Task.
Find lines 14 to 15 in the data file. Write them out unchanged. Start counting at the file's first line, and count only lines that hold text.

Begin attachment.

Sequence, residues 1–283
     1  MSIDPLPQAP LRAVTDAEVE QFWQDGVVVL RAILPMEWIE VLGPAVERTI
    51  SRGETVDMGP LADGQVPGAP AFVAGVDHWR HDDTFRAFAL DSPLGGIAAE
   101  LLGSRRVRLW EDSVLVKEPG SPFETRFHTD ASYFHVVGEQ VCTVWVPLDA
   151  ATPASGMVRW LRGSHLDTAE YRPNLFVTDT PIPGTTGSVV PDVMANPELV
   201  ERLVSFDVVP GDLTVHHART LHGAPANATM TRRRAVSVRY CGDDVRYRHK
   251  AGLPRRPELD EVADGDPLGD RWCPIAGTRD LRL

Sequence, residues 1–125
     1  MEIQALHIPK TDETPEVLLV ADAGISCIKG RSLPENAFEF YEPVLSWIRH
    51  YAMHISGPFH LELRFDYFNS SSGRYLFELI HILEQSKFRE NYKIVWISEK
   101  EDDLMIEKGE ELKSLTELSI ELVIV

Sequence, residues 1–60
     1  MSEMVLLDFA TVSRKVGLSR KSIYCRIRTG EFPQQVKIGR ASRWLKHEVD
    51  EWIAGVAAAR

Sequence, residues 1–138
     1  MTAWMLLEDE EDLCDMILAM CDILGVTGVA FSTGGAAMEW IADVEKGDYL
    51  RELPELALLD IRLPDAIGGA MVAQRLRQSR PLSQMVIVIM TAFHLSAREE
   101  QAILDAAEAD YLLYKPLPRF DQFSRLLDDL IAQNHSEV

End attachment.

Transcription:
    51  EWIAGVAAAR

Sequence, residues 1–138